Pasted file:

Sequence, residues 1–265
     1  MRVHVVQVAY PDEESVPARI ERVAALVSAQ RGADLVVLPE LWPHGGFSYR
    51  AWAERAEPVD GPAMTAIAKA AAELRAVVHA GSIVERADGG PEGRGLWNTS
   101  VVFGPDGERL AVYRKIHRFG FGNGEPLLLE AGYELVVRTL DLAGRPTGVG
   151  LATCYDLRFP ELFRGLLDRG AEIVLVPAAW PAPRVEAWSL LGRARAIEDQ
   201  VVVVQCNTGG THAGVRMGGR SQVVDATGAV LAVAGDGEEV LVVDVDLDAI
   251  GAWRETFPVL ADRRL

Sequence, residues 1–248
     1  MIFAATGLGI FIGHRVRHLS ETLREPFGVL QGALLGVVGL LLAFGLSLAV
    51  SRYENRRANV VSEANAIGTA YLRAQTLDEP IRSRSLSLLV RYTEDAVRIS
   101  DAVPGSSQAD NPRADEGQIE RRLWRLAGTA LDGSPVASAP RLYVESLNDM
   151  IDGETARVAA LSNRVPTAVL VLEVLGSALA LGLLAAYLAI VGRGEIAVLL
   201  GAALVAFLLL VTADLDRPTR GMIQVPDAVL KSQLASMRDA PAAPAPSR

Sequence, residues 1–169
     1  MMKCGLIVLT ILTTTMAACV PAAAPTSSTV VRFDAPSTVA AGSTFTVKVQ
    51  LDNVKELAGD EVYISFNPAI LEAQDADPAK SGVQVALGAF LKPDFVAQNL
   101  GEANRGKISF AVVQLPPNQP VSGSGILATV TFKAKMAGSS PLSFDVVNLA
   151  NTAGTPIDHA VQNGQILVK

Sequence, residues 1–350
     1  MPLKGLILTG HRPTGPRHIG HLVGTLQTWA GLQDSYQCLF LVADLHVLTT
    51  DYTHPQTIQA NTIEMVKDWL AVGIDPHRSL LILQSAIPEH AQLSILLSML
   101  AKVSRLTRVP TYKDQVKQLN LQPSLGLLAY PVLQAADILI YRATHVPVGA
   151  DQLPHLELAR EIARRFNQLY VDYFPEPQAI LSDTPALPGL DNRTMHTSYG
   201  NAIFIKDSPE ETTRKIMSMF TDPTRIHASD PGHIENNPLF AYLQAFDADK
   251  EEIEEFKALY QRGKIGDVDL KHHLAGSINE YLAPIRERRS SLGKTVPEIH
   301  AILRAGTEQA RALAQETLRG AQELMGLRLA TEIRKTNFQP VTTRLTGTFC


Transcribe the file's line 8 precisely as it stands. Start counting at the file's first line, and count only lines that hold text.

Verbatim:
Sequence, residues 1–248